The UK and EU are still odds over citizens’ right and the amount the UK will pay to leave the bloc, at the end of the second week of Brexit talks.
EU negotiator, Michel Barnier said the UK had not been clear enough about where it stands on these issues and that was hampering progress.
UK Brexit Secretary, David Davis said the negotiations on the so-called divorce bill had been “robust”.
He said progress had been made but both sides needed to show “flexibility”.
Mr Barnier said, “We require this clarification on the financial settlement, on citizens’ rights, on Ireland – with the two key points of the common travel area and the Good Friday Agreement – and the other separation issues where this week’s experience has quite simply shown we make better progress where our respective positions are clear.”
Mr Davis said: “We have had robust but constructive talks this week. Clearly there’s a lot left to talk about and further work before we can resolve this. Ultimately, getting to a solution will require flexibility from both sides.”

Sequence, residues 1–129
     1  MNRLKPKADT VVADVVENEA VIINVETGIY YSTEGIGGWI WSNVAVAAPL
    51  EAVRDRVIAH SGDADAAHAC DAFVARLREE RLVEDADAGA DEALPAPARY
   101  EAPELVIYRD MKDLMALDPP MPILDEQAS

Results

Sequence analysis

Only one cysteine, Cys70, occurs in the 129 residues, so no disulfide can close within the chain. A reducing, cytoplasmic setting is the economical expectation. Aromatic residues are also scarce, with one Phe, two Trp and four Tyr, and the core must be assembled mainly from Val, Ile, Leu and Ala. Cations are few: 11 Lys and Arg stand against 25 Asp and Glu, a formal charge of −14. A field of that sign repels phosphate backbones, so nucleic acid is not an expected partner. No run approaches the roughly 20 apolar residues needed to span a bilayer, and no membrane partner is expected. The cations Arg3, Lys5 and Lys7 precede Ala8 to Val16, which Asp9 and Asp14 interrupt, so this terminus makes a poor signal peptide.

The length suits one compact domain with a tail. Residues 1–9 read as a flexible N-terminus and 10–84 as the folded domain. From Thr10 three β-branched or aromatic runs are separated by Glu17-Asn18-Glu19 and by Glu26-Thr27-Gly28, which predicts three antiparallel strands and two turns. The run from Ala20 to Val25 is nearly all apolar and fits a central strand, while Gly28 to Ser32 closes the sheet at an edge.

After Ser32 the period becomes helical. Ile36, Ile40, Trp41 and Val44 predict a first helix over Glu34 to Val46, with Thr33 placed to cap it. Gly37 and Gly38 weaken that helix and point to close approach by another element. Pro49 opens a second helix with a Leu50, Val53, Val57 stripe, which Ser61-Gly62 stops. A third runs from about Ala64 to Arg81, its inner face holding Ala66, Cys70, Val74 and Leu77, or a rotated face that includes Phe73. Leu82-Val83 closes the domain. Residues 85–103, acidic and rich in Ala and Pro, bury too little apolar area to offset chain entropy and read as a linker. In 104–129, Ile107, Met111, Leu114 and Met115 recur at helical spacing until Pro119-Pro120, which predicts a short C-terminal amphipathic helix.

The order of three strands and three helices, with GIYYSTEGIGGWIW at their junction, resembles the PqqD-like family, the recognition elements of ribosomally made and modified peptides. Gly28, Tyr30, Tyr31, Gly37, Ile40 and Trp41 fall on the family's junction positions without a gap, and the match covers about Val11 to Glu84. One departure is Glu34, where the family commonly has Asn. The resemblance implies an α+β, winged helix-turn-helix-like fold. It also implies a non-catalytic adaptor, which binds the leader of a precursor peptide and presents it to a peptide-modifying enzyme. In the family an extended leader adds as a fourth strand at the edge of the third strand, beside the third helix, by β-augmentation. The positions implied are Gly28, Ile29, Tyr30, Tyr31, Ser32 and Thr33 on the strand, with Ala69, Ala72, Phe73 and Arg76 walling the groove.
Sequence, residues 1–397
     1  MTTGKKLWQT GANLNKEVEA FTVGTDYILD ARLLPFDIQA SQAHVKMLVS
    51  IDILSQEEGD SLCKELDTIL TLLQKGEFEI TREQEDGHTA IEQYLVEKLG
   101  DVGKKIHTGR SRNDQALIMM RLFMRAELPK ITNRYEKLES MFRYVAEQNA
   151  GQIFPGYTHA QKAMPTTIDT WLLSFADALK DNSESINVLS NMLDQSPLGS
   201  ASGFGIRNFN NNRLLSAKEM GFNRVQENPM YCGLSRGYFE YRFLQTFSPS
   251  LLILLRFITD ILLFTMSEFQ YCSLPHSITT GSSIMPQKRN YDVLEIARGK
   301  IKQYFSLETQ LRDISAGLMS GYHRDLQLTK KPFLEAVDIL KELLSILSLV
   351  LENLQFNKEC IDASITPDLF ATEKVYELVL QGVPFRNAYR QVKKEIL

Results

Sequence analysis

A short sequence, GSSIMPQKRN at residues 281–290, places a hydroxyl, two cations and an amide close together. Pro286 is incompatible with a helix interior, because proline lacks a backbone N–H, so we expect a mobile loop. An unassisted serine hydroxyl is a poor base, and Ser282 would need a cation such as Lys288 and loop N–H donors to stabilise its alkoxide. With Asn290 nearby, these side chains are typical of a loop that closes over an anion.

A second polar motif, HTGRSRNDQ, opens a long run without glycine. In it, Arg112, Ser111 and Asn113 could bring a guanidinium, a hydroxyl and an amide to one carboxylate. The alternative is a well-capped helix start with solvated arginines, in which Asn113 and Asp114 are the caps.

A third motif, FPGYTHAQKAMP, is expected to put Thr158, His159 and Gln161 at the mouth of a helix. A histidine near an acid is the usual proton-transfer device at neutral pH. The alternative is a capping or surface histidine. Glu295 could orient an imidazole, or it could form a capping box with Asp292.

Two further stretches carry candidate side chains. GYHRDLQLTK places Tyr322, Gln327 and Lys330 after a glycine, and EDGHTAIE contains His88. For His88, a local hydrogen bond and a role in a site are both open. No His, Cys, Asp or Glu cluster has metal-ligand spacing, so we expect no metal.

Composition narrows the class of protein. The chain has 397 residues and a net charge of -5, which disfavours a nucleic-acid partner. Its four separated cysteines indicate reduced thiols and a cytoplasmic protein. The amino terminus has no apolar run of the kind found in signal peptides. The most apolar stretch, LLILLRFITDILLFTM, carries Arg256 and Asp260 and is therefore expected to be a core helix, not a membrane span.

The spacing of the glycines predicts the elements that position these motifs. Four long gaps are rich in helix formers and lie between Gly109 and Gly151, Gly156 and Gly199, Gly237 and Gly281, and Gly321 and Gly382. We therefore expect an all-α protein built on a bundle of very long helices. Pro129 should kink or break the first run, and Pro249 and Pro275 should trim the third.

Michel Barnier said there had been some areas of agreement about how Britons living abroad and EU nationals living in the UK should be treated after Brexit.
But there was disagreement over “the rights of future family members” – meaning children born in the future to EU citizens in the UK and “the exports of certain social benefits”.
The EU wants rights currently enjoyed by EU citizens in the UK, access to healthcare, welfare, education, residence, to apply to children and family members, whether they currently live in the UK or not and to continue in perpetuity, after the death or divorce of the rights-holder.
The UK wants to give all EU nationals living in the UK the same rights as British citizens but they would have to have been residents for five years and there would be a “cut-off point”, probably March 29, 2017, when Article 50 was triggered.
After this date they will be able to build up their five years’ entitlement.
In addition, EU nationals who get married after March 2019 would lose the right to bring family members to the UK, unless they pass an income test, like non-EU migrants.
They could also risk losing their right to return to Britain if they leave for more than two years.
David Davis said the UK had published its approach to citizens’ rights since the first round of negotiations, which he described as “both a fair and serious offer” and had now published a joint paper setting out areas of agreement and issues for further talks.
He said sticking points in the talks included the rights of employees of EU-based companies to work for extended periods in other countries, such as the UK and the right of EU citizens to vote in UK local elections.